The difficulty of dialogue. Normal everyday speech, the type most of us speak, the type we hear from the majority of our friends and colleagues, is rife with pauses, non-sequiters, endless repetitions and dangling sentences. We struggle to articulate even the simplest of concepts in conversation, we trail off, stutter, mis-pronounce words and lose our trains of thought. But mostly we utter little verbal tics, on constant rotation : "I mean", "Its like", "You know", "the thing is", "yeah?". Somebody I know says "Yeah" repeatedly when anybody talks to her. "Yeahyeahyeahyeah, aw yeah, yeah, yeah, yeahyeahyeah". Its a signifier, it shows she listening, taking everything in, comprehending it all. But it also indicates her desire to reply, its her way of reserving the next spot in the conversation for herself. When you're finished, its my turn, shes saying.
All of this, of course, is a problem for a dramatist. I discussed David Mamet's hyper-realistic dialogue in a post a few months ago, and Mamet uses repetition in his own unique way. But it doesn't really have all that much to do with the way people actually talk. The way we communicate in bars and offices and living rooms. Nor does the dialogue in your average British tv soap opera. "Coronation Street" or "Eastenders" may get the dialect right, and the characters generally sound passable, but they speak more concisely and engagingly than most real people do. They are far too to the point, without the endless rambling, avoidance and subtleties of real conversation. Is real speech, the actual realtime banality of a normal conversation, which mixes pleasantries with smalltalk and some exchange of information, is this too boring to be reproduced in art? Major dramatists adopt some aspect of it and amplify - Mamet with his rhythmic schemes and repetition, Pinter with his legendary silences - but the actual casual flow of a real conversation is devilishly tricky to reproduce.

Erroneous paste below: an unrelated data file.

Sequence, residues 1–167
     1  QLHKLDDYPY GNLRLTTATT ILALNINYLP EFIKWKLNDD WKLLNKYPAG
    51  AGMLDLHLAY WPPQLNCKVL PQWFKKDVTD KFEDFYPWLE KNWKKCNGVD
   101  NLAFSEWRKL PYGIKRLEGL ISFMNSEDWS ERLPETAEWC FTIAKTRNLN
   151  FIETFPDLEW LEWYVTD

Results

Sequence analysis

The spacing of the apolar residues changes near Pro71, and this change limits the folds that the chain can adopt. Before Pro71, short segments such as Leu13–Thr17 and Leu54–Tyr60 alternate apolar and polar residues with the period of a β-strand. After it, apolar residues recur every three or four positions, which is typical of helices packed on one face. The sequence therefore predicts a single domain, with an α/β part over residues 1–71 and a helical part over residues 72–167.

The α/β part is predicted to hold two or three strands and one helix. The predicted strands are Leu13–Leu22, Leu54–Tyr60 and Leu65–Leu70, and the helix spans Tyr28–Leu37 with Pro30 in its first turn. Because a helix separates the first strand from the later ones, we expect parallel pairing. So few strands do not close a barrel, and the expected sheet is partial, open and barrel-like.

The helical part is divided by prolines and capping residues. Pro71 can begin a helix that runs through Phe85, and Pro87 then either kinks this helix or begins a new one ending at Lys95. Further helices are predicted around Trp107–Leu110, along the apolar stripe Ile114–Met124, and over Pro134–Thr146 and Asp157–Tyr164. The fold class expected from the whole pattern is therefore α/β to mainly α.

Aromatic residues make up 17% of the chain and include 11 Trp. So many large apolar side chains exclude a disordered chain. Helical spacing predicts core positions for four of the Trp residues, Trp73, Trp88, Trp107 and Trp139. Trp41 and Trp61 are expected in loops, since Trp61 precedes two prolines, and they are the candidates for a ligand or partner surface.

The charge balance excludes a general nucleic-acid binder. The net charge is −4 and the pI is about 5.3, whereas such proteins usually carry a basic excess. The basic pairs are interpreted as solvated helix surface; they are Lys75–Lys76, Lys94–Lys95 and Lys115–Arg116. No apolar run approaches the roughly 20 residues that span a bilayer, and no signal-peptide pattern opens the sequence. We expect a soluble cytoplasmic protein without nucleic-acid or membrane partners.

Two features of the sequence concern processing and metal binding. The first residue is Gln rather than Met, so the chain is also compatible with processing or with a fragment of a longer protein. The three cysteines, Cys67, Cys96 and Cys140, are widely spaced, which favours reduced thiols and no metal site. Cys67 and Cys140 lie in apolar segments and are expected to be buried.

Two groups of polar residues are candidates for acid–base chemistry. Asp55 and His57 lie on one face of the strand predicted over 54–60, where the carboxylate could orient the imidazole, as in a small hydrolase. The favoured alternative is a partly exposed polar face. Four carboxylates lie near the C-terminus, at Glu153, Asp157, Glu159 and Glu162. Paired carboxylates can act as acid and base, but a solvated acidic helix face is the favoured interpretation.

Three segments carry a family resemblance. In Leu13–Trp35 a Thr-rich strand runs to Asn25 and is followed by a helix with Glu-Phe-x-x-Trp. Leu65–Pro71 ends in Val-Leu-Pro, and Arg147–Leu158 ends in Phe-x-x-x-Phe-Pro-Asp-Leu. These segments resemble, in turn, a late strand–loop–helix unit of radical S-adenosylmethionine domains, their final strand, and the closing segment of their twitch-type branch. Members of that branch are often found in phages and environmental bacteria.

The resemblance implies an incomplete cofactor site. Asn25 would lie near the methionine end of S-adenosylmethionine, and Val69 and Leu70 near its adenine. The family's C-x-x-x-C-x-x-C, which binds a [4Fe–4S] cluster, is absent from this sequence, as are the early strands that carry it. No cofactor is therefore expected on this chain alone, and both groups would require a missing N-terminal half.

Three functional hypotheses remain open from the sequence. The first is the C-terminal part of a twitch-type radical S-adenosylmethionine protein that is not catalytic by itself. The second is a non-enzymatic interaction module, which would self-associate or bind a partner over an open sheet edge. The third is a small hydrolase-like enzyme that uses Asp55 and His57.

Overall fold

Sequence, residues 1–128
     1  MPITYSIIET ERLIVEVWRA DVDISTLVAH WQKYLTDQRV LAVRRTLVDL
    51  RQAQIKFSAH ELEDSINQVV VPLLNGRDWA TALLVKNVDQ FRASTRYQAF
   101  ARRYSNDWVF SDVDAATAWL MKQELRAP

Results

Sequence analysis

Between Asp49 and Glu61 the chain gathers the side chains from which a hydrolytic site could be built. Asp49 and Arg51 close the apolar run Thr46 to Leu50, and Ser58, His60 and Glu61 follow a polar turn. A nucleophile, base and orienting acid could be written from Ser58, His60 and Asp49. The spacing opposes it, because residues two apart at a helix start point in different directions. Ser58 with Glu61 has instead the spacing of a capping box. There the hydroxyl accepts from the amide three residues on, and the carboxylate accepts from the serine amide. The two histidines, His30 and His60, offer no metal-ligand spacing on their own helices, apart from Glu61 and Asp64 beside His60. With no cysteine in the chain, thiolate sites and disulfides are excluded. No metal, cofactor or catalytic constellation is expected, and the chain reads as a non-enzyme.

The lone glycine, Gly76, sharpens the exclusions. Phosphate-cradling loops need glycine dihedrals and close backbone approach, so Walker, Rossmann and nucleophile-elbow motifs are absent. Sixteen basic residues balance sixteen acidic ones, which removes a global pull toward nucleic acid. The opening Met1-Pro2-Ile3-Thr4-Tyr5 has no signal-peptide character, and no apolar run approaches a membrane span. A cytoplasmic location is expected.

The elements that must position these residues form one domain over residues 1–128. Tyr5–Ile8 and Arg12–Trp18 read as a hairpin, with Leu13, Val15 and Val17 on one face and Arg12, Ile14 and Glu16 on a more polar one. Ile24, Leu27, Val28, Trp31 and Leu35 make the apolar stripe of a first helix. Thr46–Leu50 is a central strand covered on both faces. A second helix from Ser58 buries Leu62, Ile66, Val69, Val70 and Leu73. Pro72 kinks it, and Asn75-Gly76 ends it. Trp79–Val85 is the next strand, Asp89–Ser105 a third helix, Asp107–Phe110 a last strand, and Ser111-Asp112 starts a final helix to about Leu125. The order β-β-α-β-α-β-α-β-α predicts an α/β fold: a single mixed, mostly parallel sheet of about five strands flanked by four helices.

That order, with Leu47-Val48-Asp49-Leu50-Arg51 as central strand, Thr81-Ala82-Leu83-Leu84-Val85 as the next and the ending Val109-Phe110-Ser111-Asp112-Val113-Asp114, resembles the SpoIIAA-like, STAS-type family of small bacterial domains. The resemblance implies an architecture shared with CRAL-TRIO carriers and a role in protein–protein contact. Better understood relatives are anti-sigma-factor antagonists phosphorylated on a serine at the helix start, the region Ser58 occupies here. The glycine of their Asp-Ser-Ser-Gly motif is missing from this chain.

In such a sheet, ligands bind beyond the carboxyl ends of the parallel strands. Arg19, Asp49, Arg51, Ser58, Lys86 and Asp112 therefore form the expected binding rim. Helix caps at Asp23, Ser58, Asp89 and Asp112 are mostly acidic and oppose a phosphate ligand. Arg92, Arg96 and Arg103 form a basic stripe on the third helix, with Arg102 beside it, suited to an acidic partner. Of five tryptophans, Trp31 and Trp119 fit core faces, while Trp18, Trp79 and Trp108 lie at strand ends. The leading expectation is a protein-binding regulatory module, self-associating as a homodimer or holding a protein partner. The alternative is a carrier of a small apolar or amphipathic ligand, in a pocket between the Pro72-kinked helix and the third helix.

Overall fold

In 1999, Peter Mehlman, a former executive producer and co-writer on Seinfeld, created a new sitcom for ABC. Its title at least sought to reflect the inanities of everyday speech. It was called "Its Like , You Know.." and it was obviously intended to cater to fans of "Seinfeld" and/or "Friends", focusing as it did on a group of friends in Los Angeles, most of them at least tangentally involved with the movie business. It did not remotely fulfil the promise of that title, however, its characters being a parade of sharp-tongued wits, ever ready with a quip or one-liner, rarely troubled by inarticulacy. It was full of vaguely familiar actors, from the awesome Chris Eigeman (star of Whit Stillman's films) as the transposed New Yorker to Evan Handler (who has been in nearly every contemporary show I can think of, from "Sex & the City" to "Lost", "the West Wing" and "CSI") and Jennifer Grey. The show is probably most memorable for its use of Grey, who played and mocked herself with constant references to the recent nose-job which had made her unrecognisable as the girl from "Dirty Dancing", shots at ex-boyfriends and a running joke about her need for recognition. Obituaries seeking to account for the failure of "Its Like, You Know.." - it lasted barely two full seasons and is unavailable on DVD - generally blame the awfulness of that title, which massively misrepresented the show, but more crucially, wasn't the kind of thing that made anybody actually want to watch it.